Red states. Reagan red. The red of President Trump’s favorite ties. There’s so much red in the recent mythology of the Republican Party, it’s little wonder, really, that it was the predominant color worn by speakers on the opening day of the Republican National Convention.
It stood out on the stage flanked by the towering Doric columns of the Mellon Auditorium in Washington, D.C., where many of the speeches aired Monday night were recorded, even against the row of American flags. On Natalie Harp, as she told of surviving cancer and the “right to try”; on Tanya Weinreis, the coffee shop owner whose business was one of the first to receive a Paycheck Protection Program grant in Montana; on the closing speaker, Senator Tim Scott of South Carolina. (Though not on Donald Trump Jr., who chose a silvery blue tie for his own excoriation of the rival party.)
But on no one did red stand out quite so much as it did on Kimberly Guilfoyle, senior fund-raising official for the Trump campaign, former Fox News host and Mr. Trump Jr.’s girlfriend, as she gave what was the perhaps the most … fiery speech of the night.
“Very forceful speech, Jake, from Kimberly Guilfoyle,” said Wolf Blitzer to Jake Tapper on CNN.
“Forceful is one word for it,” responded Mr. Tapper, who looked somewhat taken aback.
Taking the stage in a flaming red sheath dress, Ms. Guilfoyle started loud and got louder, shouting into the void of an auditorium emptied in accordance with pandemic regulations. As her decibels rose (and rose; she spoke the way the president tweets), so did the urgency.
“They want to destroy this country and everything that we have fought for and hold dear,” she cried of the Democrats. “They want to steal your liberty, your freedom, they want to control what you see and think and believe so that they can control how you live.” At the end she raised both her arms, in the classic pose of Eva Perón as immortalized by “Evita.”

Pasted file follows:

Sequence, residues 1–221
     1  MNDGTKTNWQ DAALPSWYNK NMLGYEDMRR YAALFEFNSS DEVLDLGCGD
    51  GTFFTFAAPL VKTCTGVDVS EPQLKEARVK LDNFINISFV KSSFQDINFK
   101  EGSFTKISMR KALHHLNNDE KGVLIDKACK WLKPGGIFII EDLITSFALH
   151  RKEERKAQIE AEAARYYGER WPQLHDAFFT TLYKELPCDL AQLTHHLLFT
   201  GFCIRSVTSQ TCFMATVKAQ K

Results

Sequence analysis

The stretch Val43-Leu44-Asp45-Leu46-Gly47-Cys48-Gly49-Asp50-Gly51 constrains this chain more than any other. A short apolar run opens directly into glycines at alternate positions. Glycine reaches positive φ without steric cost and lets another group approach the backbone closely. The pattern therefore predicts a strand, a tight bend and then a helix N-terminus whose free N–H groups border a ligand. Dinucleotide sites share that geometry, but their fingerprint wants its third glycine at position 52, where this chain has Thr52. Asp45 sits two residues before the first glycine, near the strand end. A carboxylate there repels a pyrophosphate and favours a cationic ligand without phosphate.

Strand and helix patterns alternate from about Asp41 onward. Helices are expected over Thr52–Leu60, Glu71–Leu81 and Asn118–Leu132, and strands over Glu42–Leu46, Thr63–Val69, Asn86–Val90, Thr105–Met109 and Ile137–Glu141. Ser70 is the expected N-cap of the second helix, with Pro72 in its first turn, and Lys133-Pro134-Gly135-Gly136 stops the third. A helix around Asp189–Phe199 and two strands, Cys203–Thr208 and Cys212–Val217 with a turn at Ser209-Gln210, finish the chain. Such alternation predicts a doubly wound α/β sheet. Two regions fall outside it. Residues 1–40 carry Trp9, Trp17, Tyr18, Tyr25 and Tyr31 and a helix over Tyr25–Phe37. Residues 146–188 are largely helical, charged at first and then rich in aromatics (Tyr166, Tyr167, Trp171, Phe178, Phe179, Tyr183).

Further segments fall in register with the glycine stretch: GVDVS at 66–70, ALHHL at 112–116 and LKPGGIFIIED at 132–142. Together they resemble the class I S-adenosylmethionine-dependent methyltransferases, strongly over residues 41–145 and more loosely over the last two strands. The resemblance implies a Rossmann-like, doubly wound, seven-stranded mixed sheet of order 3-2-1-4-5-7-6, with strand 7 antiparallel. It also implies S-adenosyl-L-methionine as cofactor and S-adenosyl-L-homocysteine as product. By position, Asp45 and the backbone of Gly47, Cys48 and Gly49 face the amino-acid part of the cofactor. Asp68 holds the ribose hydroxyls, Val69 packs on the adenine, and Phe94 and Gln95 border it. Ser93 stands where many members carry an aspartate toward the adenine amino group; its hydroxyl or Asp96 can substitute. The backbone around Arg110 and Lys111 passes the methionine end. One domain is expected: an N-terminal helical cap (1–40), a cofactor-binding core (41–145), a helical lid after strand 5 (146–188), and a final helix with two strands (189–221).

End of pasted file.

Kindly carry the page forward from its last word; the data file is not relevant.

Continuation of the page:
Yikes! Well, they do say politics is a blood sport.
Combined with her words, her red dress was like a beacon: the red of a stop sign, of alarm, of warning, of danger. The red that conveys a message understood widely even without words the world over. The red of “seeing red” fury and Mars, god of war.
The red that spawned an immediate host of associations in online viewers and related memes, with multiple comparisons to “Game of Thrones,” fire and brimstone and Rita Repulsa of Mighty Morphin Power Rangers. Also assorted other fantasy films.
And all that hi-octane red overshadowed the somewhat more diluted pink of Nikki Haley, former ambassador to the United Nations and governor of South Carolina, which matched her more modulated tone and (slightly more modulated) message.
Of course, there is some irony in the fact that traditionally red is also associated with socialism, a label that several speakers, including Ms. Guilfoyle, attempted to paste on the Democrats as a scarlet S sign of shame.
And that the last celebrity to really make red a political statement was Jane Fonda during her #firedrillfridays, when her red coat became a symbol of protest in her drive to raise awareness around the climate crisis, which the Trump administration denies.
But then, this is a different show.